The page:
Just last week in Thoughts from the Frontline, we discussed the relative valuations of emerging markets. Any discussion of an emerging market is incomplete without understanding the underlying geopolitical forces that guide behaviors of countries and often predetermine the outcome of events. Today I'm sending you STRATFOR's geopolitical analysis of Brazil, a much-discussed emerging market. This is a long read, but it's the most thorough and enlightening analysis I've seen thus far on how the continent's geography has shaped Brazil's history to date, and the major challenges the the country faces today. Hint: Brazil's biggest problems are an overvalued "real," Mercosur, and an Asian giant (you guess which one...).
For anyone considering an emerging market as an investment choice (or who is simply interested in world affairs), I highly recommend reading STRATFOR's other geopolitical assessments, which they have on all the major players, including emerging markets. You can access these assessments, and all STRATFOR's analysis and updates, when you subscribe. OTB readers can <<get a hefty discount on their subscriptions here>>. Their content is a valuable asset for any investor.
Your now considering samba lessons analyst,
World economies I get: currency, trading, deficits, surpluses... World politics is another story. I follow what happens: summits, policy changes, elections: but what does it mean for energy markets, potential threats, actual relations between countries? These situations define our future - financial and otherwise.
Today I'm sending you a piece from STRATFOR on the relationship between Iran and Brazil - and what it means for energy, trade, U.S. sanctions, and this rising power in the South. STRATFOR is my go-to source for all things geopolitical. The great thing about it is that it's not just available to government agencies, Fortune 500 corporations and financial advisers such as myself. Rather, you too can access their content. Sign up here for STRATFOR's free weekly intelligence reports. I highly recommend it for investors at any level.
This week I am really delighted to be able to give you a condensed version of Gary Shilling's latest INSIGHT newsletter for your Outside the Box. Each month I really look forward to getting Gary's latest thoughts on the economy and investing. Last year in his forecast issue he suggested 13 investment ideas, all of which were profitable by the end of the year. It is not unusual for Gary to give us over 75 charts and tables in his monthly letters along with his commentary, which makes his thinking unusually clear and accessible. Gary was among the first to point out the problems with the subprime market and predict the housing and credit crises. His track record in this decade has been quite good. I want to thank Gary and his associate Fred Rossi for allowing us to view this smaller version of his latest letter.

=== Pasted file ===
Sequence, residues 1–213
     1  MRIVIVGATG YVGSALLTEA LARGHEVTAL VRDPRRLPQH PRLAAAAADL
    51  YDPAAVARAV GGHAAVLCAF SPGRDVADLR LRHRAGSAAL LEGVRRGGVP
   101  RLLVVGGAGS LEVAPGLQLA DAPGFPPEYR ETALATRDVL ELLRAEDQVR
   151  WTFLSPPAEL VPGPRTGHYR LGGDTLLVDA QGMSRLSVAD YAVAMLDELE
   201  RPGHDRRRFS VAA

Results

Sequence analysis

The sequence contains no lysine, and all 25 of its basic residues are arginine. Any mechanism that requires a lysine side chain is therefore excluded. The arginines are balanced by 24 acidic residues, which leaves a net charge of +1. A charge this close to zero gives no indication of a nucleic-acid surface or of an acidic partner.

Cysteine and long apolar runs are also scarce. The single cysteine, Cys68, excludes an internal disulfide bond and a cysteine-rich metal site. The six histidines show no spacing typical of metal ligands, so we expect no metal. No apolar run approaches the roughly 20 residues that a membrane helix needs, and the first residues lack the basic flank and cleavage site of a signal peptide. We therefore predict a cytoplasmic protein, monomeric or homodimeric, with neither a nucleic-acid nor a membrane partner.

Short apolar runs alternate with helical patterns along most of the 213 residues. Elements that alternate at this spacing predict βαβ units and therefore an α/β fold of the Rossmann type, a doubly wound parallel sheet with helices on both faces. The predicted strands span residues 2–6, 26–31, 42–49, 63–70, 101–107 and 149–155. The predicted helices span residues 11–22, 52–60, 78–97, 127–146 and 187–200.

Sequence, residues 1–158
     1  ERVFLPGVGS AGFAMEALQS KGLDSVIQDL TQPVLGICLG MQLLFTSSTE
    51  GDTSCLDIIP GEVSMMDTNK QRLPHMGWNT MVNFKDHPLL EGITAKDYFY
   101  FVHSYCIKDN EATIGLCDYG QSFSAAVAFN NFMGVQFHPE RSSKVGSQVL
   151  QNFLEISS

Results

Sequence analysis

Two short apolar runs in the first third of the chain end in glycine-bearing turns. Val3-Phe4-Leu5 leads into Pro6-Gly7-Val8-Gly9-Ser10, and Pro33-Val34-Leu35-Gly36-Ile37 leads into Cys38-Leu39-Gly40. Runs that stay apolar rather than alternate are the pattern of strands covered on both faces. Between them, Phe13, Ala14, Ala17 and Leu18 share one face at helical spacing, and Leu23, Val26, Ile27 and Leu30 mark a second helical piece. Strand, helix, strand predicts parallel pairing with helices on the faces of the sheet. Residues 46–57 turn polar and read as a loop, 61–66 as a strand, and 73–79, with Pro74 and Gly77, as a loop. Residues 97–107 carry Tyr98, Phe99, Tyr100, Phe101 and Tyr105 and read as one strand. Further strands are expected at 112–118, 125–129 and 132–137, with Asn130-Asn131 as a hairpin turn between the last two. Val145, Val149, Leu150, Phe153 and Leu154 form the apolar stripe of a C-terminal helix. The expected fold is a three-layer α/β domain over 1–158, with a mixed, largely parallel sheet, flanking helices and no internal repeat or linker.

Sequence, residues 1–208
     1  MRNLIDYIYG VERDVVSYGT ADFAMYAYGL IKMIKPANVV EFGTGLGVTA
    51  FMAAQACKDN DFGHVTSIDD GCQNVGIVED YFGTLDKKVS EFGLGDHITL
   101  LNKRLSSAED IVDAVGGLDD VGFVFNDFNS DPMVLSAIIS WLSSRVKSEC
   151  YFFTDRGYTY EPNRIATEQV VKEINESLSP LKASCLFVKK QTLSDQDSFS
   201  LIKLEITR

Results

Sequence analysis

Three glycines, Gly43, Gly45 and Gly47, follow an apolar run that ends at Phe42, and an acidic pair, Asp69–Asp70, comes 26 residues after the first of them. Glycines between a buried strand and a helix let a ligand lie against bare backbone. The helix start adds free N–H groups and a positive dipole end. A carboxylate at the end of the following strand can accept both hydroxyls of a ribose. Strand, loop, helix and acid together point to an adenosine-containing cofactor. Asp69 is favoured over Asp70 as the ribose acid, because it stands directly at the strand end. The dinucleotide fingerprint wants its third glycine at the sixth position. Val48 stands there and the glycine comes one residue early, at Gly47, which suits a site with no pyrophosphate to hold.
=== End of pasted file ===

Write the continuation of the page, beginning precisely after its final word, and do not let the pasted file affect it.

If you are interested in his letter, his web site is down being re-designed, but you can write for more information at email@example.com. If you want to subscribe (for $275), you can call 888-346-7444. Tell them that you read about it in Outside the Box and you will get the full 2010 forecast with price targets, but an extra issue with his 2011 forecast (of course, that one will not come out until the end of the year. Gary is good but not that good!) I trust you are enjoying your week. And enjoy this week's Outside the Box....
We all know that a large wave of Baby Boomers in the US are approaching retirement. But what about the rest of the world? And what happens when those retirees need to spend out of savings? There is more than just a credit crisis and a government deficit crisis in our future. A rising level of retirrees to workers is happening even as I write. And the US is not, for once, the center of the problem. As this week's writer of your Outside the Box Niels Jensen explains, we cannot all export our way out of the problem. There is a global adjustment that must happen and when it does, it will have serious consequences for all. This week's letter is guaranteed to make you think. Set aside a few minutes to do so.
Niels Jensen is the Senior Partner of Absolute Return Partners based in London. I have worked closely with Niels for years and have found him to be one of the more savvy observers of the markets I know. You can see more of his work at www.arpllp.com and contact them at firstname.lastname@example.org.
With the current financial crisis, we have to be even more astute in locating worthy investment opportunities. I've written lately about choices we're facing as a country – but we have choices as individuals as well: choices that demand solid insight to make well-informed decisions and recognize opportunities at a time when they're not as plentiful as they used to be. It's not enough to know what's happening on Capitol Hill or Wall Street, we must expand our investigations to a global perspective.
I'm including an article by my friends STRATFOR, a global intelligence company, about a proposed law in Brazil to regulate the country's massive deep-sea oil reserves, which could make it a major oil exporter. It's just one example of the kind of event you need to be aware of if you're at all interested in global energy and investment. I recommend that you browse through the rest of STRATFOR's material, and check out their special offer for my readers. They provide just the kind of exclusive global insight you need.